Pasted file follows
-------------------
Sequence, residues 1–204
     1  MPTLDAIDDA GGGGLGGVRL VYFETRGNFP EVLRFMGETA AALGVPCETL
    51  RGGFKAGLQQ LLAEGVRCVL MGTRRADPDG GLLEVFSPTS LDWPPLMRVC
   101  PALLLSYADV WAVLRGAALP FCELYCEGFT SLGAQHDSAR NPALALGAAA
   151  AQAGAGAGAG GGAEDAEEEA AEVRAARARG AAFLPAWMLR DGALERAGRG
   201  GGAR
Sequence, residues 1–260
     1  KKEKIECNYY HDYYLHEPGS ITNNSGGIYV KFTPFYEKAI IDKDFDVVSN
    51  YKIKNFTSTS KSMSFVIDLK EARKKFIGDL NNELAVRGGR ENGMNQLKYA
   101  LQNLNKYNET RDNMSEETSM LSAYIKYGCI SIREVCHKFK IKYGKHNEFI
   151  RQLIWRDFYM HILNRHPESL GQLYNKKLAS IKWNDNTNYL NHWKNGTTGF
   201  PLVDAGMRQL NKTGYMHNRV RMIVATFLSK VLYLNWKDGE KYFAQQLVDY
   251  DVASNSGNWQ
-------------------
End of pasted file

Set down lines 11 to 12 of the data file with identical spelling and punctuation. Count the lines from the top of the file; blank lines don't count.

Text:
   151  RQLIWRDFYM HILNRHPESL GQLYNKKLAS IKWNDNTNYL NHWKNGTTGF
   201  PLVDAGMRQL NKTGYMHNRV RMIVATFLSK VLYLNWKDGE KYFAQQLVDY